Roanoke County Bar Association jointly present John Whitfield,
Executive Director and General Counsel of Blue Ridge Legal Services, for a two-hour Ethics CLE session entitled "Closing the Justice Gap Using Rule 6.1: Ethics and Pro Bono." Mr. Whitfield's
presentation, to be held on Friday, October 11, at the Holiday Inn
- Valley View from 9-11 a.m, is free for RBA members and includes a complimentary breakfast.
“To aid the promotion of justice” stands first in the purposes of the RBA as stated in our bylaws. These presentations by
Justice Mims and John Whitfield will help you prepare to play your
role in carrying out that purpose.
On Monday, July 22, over 60 judges, lawyers, and summer
associates gathered at The River and Rail, a South Roanoke bistro, for an evening of fun. The private event, which was organized
by the Young Lawyers Committee (“YLC”), was a celebration of
the RBA’s unmatched congeniality and professionalism.
Guests enjoyed beer, wine, cocktails, and a host of appetizers from The River and Rail’s kitchen. Thanks to the generous
sponsorships of Woods Rogers, LeclairRyan, Gentry Locke Rakes
& Moore, Strickland Diviney & Strelka, and Frith Anderson &
Peake, the drinks and food did not cost the RBA or its members a
The event was a tremendous success by any measure. “It
was fun to see new and old faces,” said Lauren Ellerman, a partner at Frith & Ellerman and a part owner of The River and Rail.
“The event was a great opportunity to get to know other lawyers,”
added Josh Johnson, a partner at Gentry Locke. “It represents the
collegiality of our Bar.”
“It was truly a summer highlight,” raved Tommy Strelka, a
partner at Strickland Diviney and the chair of the YLC. “Everyone
had a blast, and The River and Rail did a fantastic job with its
wonderful offerings. I’m looking forward to making this an annual
The judges of the Twenty-third Judicial District will select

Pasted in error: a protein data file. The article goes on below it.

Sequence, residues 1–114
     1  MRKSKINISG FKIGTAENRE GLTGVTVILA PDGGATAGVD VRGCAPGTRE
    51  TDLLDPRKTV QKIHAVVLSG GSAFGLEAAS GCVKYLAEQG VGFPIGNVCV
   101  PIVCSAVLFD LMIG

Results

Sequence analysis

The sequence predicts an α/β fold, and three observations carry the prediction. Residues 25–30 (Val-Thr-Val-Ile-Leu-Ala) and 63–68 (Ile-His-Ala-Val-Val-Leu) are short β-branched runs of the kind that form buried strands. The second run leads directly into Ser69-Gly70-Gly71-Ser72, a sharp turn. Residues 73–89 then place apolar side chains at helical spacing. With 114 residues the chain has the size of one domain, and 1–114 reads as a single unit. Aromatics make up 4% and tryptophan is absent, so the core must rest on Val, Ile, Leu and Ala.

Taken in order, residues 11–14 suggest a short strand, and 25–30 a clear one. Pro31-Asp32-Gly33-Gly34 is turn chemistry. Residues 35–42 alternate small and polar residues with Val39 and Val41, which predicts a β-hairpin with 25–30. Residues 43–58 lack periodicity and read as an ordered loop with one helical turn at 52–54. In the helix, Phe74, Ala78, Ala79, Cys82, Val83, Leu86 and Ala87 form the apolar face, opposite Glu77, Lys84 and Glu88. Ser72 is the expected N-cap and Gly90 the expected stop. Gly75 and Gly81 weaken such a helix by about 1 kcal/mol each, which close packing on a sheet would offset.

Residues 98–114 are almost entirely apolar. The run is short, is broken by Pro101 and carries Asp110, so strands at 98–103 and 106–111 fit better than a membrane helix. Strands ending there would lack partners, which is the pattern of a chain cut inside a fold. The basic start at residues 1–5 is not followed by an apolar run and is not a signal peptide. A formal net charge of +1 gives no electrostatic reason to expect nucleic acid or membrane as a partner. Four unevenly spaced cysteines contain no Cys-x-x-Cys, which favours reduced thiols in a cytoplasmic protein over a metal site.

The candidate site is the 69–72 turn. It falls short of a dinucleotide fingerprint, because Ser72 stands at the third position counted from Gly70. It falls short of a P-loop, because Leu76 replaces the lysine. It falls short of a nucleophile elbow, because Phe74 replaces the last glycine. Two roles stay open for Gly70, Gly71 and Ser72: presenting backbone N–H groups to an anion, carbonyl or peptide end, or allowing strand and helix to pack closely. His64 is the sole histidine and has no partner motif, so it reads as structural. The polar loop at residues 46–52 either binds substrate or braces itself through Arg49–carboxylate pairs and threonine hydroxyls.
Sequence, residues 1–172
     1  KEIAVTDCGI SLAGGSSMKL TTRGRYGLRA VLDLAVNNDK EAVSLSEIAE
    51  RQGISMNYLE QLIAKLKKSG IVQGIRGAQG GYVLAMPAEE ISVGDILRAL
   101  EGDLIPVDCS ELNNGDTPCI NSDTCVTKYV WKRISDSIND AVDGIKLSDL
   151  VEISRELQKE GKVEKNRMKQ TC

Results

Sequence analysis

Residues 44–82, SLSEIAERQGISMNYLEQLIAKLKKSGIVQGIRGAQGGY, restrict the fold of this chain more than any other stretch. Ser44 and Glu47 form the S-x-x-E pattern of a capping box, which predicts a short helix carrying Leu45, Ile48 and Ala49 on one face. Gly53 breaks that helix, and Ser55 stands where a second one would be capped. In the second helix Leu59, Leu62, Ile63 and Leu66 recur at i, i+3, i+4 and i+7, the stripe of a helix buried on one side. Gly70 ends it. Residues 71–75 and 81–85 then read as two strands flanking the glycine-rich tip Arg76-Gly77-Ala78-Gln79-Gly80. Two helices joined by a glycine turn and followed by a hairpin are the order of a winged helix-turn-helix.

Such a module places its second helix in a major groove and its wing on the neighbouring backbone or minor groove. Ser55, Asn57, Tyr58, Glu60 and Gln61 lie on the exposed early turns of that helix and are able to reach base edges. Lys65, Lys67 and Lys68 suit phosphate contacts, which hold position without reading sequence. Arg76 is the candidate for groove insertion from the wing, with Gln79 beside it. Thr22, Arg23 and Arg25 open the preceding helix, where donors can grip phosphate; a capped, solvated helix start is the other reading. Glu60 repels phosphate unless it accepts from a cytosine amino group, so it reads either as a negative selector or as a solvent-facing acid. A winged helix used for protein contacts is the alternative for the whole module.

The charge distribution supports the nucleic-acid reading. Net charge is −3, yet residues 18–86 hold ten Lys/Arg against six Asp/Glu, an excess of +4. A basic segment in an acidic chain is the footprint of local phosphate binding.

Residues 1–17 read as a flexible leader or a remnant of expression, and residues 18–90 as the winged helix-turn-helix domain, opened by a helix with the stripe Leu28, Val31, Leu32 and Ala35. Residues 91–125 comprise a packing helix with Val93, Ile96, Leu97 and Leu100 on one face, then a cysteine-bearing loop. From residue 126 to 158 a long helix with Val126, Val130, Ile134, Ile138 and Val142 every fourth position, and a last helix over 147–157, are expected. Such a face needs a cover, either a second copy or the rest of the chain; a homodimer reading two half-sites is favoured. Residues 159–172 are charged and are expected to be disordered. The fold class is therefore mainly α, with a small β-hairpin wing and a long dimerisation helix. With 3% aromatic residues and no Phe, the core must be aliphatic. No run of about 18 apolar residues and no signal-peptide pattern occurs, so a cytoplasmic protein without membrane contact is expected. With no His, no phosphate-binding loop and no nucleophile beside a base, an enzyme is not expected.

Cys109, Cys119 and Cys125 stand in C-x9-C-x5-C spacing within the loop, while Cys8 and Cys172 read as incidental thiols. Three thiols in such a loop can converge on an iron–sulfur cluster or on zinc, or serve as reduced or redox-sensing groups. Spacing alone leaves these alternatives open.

four local attorneys to serve as substitute judges in the general
district courts. Attorneys interested in applying for one of these
positions must complete and submit an application, providing
information about their education, practice areas, and court
experience. Go to the RBA website to download the application
and instructions, at http://www.roanokebar.com/events. The
deadline to apply is September 27, 2013.
Page 4
Roanoke Bar Review
The wettest summer I can remember is
almost over, and school is back in session for
area youngsters. After a hopefully relaxing
summer, fall is a time to refocus on our goals
and try and get things done. My goal is to provide high quality legal research services to the
Roanoke Legal community. As always, if there
is anything that I can do to assist you with your
legal research needs, please do not hesitate to
contact me at 853-2268.
Legal Information on the Internet
There are thousands of sources of free legal information available
on the internet. You can find federal, state, and municipal codes, regulatory information, case decisions, and court information, and it is available for free to anyone who has access to the Internet. While law libraries pay lots of money to subscribe to Westlaw and Lexis, most questions
I am asked can be answered with a simple Internet search. The problem
is, with so many legal resources available at the moment, sometimes it
is hard to decide which ones are the best. I have tried to make it easy
by compiling a list of the webpages that I use most frequently for legal
research, and putting them on the Roanoke Law Library webpage at
http://bit.ly/13Dloe5. While this is by no means an exhaustive list, it
includes links to the most-used Virginia and federal resources for which